Paul J. Allen was born in May 1939, in Green Bay, Wisconsin; he died in his home in Davenport, Iowa, on Saturday, July 6, surrounded by loved ones. He is survived by his loving and beloved wife, Billie Greenwood, his sons Andy and Matt (Laia Jorba), his four grandchildren Alina, Thean, Jaiden, and Naia, his ten siblings Judy Ullmer (Jerry), Tom Bice-Allen (Janese), Jane Hanson (Bob), Judy Ann Berken (Jerry), Mary Allen Arana (Javier), Lutie Allen-Voreis (Mark), Mark Allen (Judy Fisher), Terese Allen (Jim Block), Susie Allen (Bruce Dethlefsen), and John Allen (Johanna Mattern Allen). He was predeceased by his parents, Norbert John and Agnes Cecilia Allen, and his step-mother Bev Allen.
Paul leaves behind a lifetime legacy of pursuing social justice, university education, and active efforts to help others to be more human. He received his Ph.D. in Ecumenical Studies at the Aquinas Institute, and inspired countless students through his teaching of issues of social justice, liberation theology, and the ethics of world religions in his long career at Loras College (1964-2005) in Dubuque, Iowa, often leading students, family, and friends on eye-opening and soul-searching direct encounters with inequality, poverty, and injustice in Central America (Nicaragua, Guatemala, and Honduras), Mexico, the Philippines, and under-privileged parts of the United States. He spent summers and four sabbatical leaves actively working to redress social imbalances. For many summers he and his family lived and worked at Camp Sacred Heart in Alamosa, Colorado, a camp that served underprivileged youths; he worked with the Jubilee Partners community; he served with Witness for Peace in Nicaragua in 1985. After retiring from teaching, Paul continued his efforts to serve, learn, and inspire at Hope House in Dubuque, Iowa, in Bolivia, on the U.S.-Mexico border, and with projects initiated by the Congregation of the Humility of Mary in Davenport, Iowa.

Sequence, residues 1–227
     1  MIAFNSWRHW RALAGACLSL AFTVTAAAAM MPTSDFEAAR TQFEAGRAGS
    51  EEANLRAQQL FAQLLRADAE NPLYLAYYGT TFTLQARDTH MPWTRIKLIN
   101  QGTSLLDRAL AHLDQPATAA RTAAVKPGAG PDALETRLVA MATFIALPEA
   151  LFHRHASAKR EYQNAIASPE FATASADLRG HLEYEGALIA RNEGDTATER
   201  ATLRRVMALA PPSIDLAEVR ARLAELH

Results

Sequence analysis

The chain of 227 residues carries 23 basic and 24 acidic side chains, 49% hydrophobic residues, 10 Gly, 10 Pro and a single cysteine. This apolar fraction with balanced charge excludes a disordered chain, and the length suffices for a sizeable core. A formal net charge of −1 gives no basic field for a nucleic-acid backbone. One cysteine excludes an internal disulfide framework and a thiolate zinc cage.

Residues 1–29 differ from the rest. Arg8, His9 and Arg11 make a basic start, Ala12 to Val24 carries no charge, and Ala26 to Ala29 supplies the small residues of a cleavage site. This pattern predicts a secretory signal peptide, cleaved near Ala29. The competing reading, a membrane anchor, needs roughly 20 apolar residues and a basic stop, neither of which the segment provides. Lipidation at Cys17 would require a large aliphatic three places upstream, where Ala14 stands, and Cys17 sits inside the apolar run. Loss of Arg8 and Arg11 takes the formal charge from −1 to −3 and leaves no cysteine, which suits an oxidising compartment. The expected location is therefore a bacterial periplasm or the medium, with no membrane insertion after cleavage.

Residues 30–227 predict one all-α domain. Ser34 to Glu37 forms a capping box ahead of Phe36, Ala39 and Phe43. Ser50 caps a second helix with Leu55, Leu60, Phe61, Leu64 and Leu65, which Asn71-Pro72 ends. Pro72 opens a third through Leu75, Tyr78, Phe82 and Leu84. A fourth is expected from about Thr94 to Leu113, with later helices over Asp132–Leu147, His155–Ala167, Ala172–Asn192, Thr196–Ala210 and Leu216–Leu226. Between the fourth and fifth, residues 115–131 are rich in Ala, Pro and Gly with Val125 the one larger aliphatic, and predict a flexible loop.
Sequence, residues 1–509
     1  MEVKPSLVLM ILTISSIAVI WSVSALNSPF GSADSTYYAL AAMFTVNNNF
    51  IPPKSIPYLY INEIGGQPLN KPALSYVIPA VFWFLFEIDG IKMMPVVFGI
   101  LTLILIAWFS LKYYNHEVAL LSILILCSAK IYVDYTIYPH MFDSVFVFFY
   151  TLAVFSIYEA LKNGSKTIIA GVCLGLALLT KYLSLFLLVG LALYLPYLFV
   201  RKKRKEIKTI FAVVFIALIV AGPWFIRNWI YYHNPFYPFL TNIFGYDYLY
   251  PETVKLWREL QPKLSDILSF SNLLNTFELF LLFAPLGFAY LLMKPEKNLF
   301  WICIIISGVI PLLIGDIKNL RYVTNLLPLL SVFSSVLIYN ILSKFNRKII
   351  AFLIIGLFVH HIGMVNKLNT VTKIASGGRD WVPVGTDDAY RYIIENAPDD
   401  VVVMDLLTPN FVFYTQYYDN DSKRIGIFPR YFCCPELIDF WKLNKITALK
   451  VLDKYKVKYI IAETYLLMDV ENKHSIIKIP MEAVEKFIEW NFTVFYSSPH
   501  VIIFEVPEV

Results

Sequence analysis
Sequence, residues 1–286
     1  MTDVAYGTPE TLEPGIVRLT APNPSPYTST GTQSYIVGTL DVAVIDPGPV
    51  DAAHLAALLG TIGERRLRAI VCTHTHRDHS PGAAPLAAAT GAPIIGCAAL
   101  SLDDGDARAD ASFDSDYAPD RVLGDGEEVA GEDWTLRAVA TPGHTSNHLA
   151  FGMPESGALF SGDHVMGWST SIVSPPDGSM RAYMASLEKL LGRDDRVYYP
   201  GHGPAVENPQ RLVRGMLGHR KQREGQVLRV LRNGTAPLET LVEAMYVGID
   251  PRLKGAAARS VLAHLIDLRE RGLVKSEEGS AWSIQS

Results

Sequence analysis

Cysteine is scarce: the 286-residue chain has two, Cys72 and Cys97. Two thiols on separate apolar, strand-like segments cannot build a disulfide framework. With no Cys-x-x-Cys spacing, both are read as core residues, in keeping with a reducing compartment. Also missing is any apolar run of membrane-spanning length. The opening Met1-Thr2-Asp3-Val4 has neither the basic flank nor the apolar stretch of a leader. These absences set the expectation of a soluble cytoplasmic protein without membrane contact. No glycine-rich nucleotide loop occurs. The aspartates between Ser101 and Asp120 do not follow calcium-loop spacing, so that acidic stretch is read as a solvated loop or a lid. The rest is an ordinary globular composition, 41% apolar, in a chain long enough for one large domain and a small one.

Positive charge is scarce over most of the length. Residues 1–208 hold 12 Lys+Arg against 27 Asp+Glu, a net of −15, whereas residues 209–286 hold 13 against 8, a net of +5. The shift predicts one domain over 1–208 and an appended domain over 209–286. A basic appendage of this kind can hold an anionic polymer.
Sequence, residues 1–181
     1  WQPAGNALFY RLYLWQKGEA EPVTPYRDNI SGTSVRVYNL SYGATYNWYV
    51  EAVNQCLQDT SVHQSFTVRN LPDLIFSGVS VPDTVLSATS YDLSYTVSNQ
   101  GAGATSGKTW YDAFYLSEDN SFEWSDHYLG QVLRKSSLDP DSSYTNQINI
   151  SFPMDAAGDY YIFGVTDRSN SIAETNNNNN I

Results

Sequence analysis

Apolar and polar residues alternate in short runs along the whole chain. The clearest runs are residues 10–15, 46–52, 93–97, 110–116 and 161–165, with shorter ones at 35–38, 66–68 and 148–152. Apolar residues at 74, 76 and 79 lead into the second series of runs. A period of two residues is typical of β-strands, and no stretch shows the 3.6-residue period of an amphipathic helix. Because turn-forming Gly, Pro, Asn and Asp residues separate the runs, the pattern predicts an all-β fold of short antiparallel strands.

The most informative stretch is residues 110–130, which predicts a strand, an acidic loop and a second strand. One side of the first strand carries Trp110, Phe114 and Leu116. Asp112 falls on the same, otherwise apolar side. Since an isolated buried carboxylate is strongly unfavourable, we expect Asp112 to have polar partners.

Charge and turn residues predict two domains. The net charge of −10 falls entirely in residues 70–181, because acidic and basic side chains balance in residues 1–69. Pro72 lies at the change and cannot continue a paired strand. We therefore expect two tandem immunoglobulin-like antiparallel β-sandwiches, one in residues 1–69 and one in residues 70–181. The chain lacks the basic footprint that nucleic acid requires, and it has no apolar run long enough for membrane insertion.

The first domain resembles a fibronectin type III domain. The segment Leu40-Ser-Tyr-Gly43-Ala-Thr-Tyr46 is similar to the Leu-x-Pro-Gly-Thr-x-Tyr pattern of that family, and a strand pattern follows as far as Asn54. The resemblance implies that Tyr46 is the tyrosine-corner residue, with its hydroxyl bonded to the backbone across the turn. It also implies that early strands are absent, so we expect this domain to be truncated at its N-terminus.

Paul followed his ideals into adventure and, at times, into danger and sorrow; he combined practical labor with his deeply held principles; his convictions and his actions inspired others; and he did all of this with great joy and great humor, identifying his own greatest achievement as “never stopping being 10 years old.” He delighted in The Three Stooges and corny jokes, played goofy tricks on family and friends, and teased everyone who could take it. He played the piano and harmonica, sang well, and told great stories around many campfires. Paul was a gardener, a fixer-upper, and a great fan of walks in the woods or along the railroad tracks. He ice-skated well, and played center on the hockey team while he attended Catholic University. He consumed little and wasted nothing. He enjoyed inexpensive beer and deep conversation. He was an optimist and a realist, and he always sought ways to be more human, as well as helping others to find their own way.
At his request, Paul’s memorial service will be held later this summer so that those who come to honor him might celebrate his life more than mourn his death.